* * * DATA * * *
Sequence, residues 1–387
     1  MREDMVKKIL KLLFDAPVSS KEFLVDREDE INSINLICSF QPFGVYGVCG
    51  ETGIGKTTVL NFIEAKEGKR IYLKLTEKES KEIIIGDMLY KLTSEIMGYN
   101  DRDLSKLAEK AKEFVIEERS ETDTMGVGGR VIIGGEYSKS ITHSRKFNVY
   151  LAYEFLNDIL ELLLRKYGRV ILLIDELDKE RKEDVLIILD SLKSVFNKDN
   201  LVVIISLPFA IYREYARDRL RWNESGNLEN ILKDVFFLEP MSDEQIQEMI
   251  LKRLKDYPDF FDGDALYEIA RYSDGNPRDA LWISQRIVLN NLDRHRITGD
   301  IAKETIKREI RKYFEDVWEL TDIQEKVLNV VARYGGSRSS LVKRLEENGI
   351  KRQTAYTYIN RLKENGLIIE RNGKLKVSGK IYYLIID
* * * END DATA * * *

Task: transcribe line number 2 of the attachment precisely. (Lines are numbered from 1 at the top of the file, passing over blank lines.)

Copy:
     1  MREDMVKKIL KLLFDAPVSS KEFLVDREDE INSINLICSF QPFGVYGVCG